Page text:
New study finds that biodiversity decline is unprecedented. Links to climate change, and other root causes.
Citing regional collaboration and replicability, University of Michigan President Mark Schlissel commits to net carbon neutrality during his presidency. From the University Record article:
Speaking at his annual Leadership Breakfast, Schlissel said he would appoint a commission in the coming months to develop a plan that includes specific strategies and a timeline for the university to achieve carbon neutrality in a fiscally responsible manner.
“Throughout our history, we’ve always strived to impact society in profound ways. I’d like to figure out how to do this in partnership with Ann Arbor, and with other regional stakeholders, in a fashion that can be replicated by others all around our state and around the nation.”
There’s no doubt that this dense, science-heavy, 33-page summary is the most significant warning about the impact of climate change in 20 years.
“It is seriously alarming,” Amjad Abdulla, a lead author on one of the chapters from the Maldives, told BBC News.
“The small islands will be the first, but nobody can escape; it is quite clear.”
But while the warnings about the dangers of letting temperatures go beyond 1.5C are dire, the report says, surprisingly perhaps, that the world can keep below the limit.
“We face a really large challenge but it is not impossible to limit warming to 1.5 degrees,” said Dr Natalie Mahowald, an IPCC author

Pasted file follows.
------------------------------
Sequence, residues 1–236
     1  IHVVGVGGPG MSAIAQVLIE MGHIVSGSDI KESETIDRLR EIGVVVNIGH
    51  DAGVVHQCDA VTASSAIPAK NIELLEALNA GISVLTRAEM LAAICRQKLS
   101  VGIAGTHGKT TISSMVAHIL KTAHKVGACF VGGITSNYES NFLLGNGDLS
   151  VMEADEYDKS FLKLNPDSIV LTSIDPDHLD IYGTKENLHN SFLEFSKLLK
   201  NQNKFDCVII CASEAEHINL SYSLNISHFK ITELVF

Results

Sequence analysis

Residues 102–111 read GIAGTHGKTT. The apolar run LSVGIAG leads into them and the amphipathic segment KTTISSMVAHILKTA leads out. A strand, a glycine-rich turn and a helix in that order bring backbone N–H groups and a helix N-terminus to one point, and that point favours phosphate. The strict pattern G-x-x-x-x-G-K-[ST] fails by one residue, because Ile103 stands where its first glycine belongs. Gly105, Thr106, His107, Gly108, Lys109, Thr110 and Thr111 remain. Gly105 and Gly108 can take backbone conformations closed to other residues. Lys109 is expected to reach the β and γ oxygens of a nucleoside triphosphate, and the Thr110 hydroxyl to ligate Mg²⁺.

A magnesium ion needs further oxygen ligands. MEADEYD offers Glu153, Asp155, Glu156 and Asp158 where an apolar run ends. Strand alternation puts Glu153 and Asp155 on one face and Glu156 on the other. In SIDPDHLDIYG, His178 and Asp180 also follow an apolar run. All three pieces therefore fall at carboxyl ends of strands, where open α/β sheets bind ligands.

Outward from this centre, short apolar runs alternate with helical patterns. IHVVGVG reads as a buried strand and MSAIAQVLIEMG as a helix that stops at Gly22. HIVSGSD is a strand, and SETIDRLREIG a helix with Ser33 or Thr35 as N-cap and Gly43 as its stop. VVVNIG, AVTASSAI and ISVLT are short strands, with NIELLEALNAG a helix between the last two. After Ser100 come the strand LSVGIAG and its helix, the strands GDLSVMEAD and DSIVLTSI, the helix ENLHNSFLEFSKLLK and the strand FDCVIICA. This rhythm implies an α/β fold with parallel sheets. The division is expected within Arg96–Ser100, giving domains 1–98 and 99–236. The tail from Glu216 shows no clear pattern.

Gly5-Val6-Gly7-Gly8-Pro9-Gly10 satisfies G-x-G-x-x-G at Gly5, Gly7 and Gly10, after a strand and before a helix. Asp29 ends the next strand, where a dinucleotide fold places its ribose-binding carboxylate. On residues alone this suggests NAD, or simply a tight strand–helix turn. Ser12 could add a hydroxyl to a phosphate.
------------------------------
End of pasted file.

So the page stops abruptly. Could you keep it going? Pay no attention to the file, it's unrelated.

One example is wind farm efficiency:
For example, GE’s PowerUp Platform has been extended to become the Digital Wind Farm. With this solution, GE extends analytics and optimization beyond a single wind turbine to the entire wind farm. GE harnessed the power of the emerging Industrial Internet to create the Digital Wind Farm, a dynamic, connected, and adaptable wind energy platform that pairs wind turbines in a wind farm with digital infrastructure to optimize efficiency across the entire wind farm. This platform can account for the wind farm’s topology, surrounding geography, wake effects, and other inputs to control individual wind turbines and optimize the operation as a whole. Through these techniques, the Digital Wind Farm technology boosts a wind farm’s energy production by up to 20 percent and could help generate up to an estimated $50 billion value for the wind industry. The Digital Wind Farm uses interconnected digital technology to address a long-standing need for greater flexibility in renewable power.
Overall, the report’s projections show significant potential, though much work is needed to translate potential into reality.